In the bedroom, the wardrobes and drawers lie open. The sounds of crying and loving, of conflict and hurt still echo within its walls. Alice has only been back a few weeks, after a year away; the telegram she sent saying they belonged to different worlds is fresh in both their minds, but here they are, side by side in the same world, as the train moves inexorably forward, away from Zilina, away from friends, relatives, work, home. Home is not home any more, the Hlinka guard has started patrolling, Nazi rules are being introduced, Alice is barred from practising law and yesterday, the mob was at their door.

But Erwin, ever practical, has also read the warning signs, he has been planning ahead, he still has American citizenship, they can leave. His mother’s relatives in New York will help. And so they sit, with so much to say, not speaking, looking ahead. Their journey will take them to Prague, to Belgium, across the Atlantic – and it will torture them in ways beyond imagining. The flight out of the back door of their house is only the beginning.



Leopold and Ernestina stand in line on the tiny platform. This isn’t the station that takes you south to Bratislava, or Pressburg as it used to be known, it is the small branch line that travels to the east. Ernestina clutches her suitcase, they have been told they are to be moved, the Hlinka guards are everywhere, keeping them huddled together in rough lines. They are glad that Erwin and Alice are safe in America, but they didn’t want to make that transatlantic journey again. This is their home, this is where their ancestors are buried.

At first it seemed they could weather this storm, they could make the adjustments, move from their home to the newly built camp just outside the town. Some of their friends were going, others had already left. Some of the younger ones are taking their chances up in the mountains. The older ones, like them, are with them in the camp. It is near the small railway line, they hear the trains rattling past.

The train arrives. There are misgivings, they have heard stories, but they are also reassured, they are being taken east to settle elsewhere. Ernestina makes sure she has her belongings with her, you never know what you might need. She looks at the train, it is unlike any train she has ever seen, where are the seating compartments? Surely, they aren’t going to be expected to stand in cattle trucks?



It is mid August. The ground is dry and baked, an unrelenting sun beats down. The rails shimmer in the heat. He has been in Bratislava for a meeting with the Department of Health. He is coordinating a team of doctors from the USA, who have come on a teaching mission to Czechoslovakia. He is professional and very busy. There is so much to arrange; every day there are visits to hospitals, universities and industries.  And now on August 11th, it is going to Trencin, Teplice and Zilina.

Once again, the train approaches Zilina. Once again, he sees the copper roof on the church tower. His American colleagues are keen to get out, stretch their legs. For them it is one more town on their Czech tour, one more hospital, more buildings defaced by bullets, tarmac chewed up by tanks. As they leave the station and look out into Masaryk Street, that is called Masaryk Street no longer, Erwin notices the trees are still there. They have grown. It is the same town and not the same town.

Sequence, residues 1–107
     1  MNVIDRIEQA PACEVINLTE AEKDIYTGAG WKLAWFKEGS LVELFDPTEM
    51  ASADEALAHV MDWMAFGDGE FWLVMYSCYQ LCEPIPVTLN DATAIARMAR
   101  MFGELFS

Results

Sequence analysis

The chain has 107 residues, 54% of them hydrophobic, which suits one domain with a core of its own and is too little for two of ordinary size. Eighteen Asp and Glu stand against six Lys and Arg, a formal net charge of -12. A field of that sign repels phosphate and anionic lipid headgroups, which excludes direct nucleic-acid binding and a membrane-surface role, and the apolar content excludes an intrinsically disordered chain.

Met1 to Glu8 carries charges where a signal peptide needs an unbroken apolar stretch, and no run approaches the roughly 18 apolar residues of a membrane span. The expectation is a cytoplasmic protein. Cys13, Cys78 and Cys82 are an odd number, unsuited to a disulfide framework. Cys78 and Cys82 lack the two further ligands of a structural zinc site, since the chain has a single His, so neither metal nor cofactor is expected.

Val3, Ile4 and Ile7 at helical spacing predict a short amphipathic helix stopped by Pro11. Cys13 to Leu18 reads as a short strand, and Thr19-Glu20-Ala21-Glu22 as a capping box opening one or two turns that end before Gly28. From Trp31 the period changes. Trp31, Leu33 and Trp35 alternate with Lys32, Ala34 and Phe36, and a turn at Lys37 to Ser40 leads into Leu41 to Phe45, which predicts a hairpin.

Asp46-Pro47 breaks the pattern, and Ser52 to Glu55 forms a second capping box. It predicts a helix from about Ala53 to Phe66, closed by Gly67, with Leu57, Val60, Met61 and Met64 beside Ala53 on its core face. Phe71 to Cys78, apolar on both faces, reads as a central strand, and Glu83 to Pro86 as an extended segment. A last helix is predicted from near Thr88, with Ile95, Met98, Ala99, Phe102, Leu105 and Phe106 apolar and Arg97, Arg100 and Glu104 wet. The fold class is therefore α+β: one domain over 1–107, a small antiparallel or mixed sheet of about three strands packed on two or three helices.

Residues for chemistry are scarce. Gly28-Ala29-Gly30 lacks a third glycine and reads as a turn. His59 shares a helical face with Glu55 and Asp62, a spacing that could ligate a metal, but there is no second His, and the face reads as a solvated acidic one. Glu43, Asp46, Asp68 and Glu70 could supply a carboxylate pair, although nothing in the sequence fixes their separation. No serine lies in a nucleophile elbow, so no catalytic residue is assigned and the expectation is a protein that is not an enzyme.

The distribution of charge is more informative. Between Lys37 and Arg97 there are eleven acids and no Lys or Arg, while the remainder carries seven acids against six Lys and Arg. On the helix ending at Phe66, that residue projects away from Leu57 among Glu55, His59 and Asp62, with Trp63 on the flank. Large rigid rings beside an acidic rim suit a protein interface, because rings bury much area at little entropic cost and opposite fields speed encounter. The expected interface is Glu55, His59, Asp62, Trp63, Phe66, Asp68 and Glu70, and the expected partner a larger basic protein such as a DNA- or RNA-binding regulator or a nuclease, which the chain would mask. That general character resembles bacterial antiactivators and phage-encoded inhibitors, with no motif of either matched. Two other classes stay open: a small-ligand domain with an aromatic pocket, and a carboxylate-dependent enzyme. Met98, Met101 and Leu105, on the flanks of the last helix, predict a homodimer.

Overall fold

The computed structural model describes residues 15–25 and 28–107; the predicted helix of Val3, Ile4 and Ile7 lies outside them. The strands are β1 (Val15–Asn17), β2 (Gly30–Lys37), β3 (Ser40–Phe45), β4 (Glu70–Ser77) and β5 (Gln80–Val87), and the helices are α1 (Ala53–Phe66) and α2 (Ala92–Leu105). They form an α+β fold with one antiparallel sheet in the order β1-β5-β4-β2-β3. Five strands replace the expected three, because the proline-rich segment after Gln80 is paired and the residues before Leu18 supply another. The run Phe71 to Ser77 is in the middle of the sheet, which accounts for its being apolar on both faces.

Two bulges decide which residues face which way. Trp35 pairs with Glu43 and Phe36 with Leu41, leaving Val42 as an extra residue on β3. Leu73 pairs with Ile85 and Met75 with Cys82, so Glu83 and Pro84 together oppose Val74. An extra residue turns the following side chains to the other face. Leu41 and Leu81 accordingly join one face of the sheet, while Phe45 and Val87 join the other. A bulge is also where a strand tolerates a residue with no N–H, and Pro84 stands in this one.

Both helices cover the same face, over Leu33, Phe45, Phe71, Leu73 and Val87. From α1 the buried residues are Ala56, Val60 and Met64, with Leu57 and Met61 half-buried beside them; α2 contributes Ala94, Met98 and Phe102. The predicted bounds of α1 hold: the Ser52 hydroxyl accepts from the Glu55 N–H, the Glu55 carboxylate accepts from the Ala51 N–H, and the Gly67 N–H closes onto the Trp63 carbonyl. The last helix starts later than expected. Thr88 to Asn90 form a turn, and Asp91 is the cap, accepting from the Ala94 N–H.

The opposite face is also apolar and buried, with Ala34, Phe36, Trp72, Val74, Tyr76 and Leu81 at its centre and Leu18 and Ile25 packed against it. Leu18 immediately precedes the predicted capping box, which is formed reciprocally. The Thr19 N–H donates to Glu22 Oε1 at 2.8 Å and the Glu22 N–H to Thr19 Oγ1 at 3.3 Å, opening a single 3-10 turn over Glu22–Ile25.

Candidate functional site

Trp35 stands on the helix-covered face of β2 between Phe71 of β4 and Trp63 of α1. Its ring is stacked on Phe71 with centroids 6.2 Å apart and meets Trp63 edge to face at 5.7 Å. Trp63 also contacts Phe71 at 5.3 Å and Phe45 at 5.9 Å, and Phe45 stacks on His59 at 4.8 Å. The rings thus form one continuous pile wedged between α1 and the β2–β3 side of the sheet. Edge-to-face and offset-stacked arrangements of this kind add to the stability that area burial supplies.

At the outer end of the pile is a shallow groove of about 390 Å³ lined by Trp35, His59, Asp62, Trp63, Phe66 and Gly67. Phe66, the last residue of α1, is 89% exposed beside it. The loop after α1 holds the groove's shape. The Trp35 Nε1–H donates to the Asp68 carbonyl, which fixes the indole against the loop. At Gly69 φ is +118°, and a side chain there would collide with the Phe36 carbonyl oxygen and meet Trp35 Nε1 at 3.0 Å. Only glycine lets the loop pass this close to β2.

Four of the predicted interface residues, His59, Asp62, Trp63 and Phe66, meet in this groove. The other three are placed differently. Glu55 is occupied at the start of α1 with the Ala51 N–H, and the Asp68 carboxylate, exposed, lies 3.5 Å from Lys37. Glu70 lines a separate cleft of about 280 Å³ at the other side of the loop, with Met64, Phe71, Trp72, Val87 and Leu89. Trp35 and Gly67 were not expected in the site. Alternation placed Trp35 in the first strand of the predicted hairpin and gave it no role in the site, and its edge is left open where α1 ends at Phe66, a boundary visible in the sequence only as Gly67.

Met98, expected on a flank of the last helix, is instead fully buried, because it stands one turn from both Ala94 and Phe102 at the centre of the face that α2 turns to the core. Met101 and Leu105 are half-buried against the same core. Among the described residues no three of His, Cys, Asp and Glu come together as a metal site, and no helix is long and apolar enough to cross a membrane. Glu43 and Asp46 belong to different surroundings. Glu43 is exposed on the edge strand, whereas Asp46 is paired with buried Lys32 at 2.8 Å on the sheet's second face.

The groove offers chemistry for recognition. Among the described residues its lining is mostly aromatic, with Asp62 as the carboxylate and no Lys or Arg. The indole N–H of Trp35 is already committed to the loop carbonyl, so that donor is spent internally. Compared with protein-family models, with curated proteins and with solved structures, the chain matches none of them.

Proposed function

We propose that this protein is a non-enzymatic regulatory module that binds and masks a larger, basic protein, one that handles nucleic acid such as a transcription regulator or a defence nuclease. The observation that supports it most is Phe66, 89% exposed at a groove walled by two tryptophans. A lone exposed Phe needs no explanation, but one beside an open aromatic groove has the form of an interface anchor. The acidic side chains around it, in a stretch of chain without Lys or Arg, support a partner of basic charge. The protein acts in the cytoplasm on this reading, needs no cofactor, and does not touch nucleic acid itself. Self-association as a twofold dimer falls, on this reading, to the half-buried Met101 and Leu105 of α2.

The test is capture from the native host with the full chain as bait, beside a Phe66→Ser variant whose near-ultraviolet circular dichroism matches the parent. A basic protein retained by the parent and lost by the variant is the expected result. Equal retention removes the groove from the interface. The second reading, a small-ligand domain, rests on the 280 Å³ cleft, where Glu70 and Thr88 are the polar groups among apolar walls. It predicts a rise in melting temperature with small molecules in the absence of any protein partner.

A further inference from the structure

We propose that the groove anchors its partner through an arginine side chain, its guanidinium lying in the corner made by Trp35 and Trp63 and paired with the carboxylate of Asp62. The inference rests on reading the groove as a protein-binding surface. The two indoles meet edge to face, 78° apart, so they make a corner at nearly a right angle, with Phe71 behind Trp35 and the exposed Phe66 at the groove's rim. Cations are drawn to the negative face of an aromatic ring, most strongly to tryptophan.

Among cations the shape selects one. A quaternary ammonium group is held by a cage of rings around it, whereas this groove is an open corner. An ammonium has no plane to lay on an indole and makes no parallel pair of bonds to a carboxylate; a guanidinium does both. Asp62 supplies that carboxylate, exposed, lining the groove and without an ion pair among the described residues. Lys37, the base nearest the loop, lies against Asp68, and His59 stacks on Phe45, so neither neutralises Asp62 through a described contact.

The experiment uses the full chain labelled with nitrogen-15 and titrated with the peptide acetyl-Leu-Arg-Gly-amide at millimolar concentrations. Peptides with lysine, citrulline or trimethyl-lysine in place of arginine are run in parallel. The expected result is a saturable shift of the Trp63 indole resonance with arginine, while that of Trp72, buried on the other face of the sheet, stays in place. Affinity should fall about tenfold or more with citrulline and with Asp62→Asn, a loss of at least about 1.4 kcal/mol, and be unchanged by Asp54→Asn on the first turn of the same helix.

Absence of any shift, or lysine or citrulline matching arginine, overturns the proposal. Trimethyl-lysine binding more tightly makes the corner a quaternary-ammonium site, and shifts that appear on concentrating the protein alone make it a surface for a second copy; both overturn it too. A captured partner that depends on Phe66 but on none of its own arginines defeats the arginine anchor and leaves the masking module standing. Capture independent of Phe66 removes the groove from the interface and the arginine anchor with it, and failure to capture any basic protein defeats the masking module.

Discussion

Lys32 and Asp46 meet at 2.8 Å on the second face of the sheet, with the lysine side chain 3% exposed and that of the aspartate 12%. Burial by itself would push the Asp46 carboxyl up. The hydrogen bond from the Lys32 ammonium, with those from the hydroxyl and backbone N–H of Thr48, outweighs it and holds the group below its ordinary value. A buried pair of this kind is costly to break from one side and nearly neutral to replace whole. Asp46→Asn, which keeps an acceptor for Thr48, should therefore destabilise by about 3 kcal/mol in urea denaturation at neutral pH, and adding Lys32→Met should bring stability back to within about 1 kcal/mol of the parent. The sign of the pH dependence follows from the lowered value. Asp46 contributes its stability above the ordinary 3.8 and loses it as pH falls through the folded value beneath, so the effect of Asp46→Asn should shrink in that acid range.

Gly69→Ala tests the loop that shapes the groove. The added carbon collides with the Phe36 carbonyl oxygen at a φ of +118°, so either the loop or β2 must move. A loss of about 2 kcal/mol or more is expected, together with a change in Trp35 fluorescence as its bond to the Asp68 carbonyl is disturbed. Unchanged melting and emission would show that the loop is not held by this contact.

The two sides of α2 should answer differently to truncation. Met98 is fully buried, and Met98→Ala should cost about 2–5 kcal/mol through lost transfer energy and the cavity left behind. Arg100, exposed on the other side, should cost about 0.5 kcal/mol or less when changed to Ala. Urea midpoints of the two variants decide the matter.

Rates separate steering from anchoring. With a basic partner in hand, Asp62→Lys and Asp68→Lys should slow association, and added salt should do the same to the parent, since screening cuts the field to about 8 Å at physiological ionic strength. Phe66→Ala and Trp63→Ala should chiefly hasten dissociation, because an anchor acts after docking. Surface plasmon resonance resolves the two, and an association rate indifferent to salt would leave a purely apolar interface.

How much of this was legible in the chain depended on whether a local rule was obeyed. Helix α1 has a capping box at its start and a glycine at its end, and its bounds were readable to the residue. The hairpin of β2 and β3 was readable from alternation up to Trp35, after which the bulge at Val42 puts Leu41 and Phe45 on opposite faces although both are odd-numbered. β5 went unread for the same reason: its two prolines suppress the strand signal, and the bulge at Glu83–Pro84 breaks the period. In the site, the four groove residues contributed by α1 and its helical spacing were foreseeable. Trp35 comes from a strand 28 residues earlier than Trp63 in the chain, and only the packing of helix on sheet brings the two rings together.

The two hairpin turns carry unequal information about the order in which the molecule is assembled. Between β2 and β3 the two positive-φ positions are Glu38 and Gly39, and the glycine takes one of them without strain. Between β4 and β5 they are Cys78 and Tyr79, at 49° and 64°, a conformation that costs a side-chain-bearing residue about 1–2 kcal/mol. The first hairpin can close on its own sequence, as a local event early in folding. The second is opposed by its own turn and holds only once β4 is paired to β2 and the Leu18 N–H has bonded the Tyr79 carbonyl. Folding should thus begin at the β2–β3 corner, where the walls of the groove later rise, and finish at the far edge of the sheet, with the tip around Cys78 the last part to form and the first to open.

He thought he knew the shops, but their names have changed. There are faces he recognises, but no-one nods to him on the street. He is with the visiting group of Americans, he doesn’t belong. And if someone does look twice and realises for a moment that the American in the well cut suit is Erwin, who sat next to him in class, he looks away again, too quickly, because he knows about all the school friends who will never return, the parents whose houses are now occupied by others, the remains of an empty camp near the railway.


Now he is back in that same square, visiting the hospital where he worked as a young man, going past the house that he and Alice had to flee. He is an important man, he is having meetings with government officials, receptions at the American Embassy and with President Gottwald. He is being interviewed on Czech radio and interviewed by Czech newspapers. Alice is with him and not with him.

The next stop is Stary Smokovec, then on to Kosice. He will never return.




She stands on the railway line, it is narrow gauge and straight. It disappears away to the eastern horizon. It is the ‘point of no return’. That is how it is described in Zilina, the point from which the Jews of the town were deported to Auschwitz in 1942. It wasn’t easy to find, you had to walk under the motorway and come up through a deserted industrial park.

Finally, she found it, but now as she stands there, it isn’t the memorial, it’s the railway line itself that speaks to her of another life. A life in which the normal and the hopeful and the domestic became the terrifying and the desperate and the political. Here as a tourist, she is in the place her ancestors lived, the place from which her grandparents were transported to their death and the place her father, Erwin, once had called ‘home’.

About the Contributor

Liz Kohn lives in St Albans with her husband. She retired from teaching three years ago to concentrate on her writing and research. The attached piece comes from the research she is undertaking into the life of her father and his first wife. Their marriage encapsulated the conflict between east and west within Czechoslovakia and spans the key events of the twentieth century. Liz is learning Czech in order to be able to read the documents and texts and has recently spent a month in Prague continuing her research.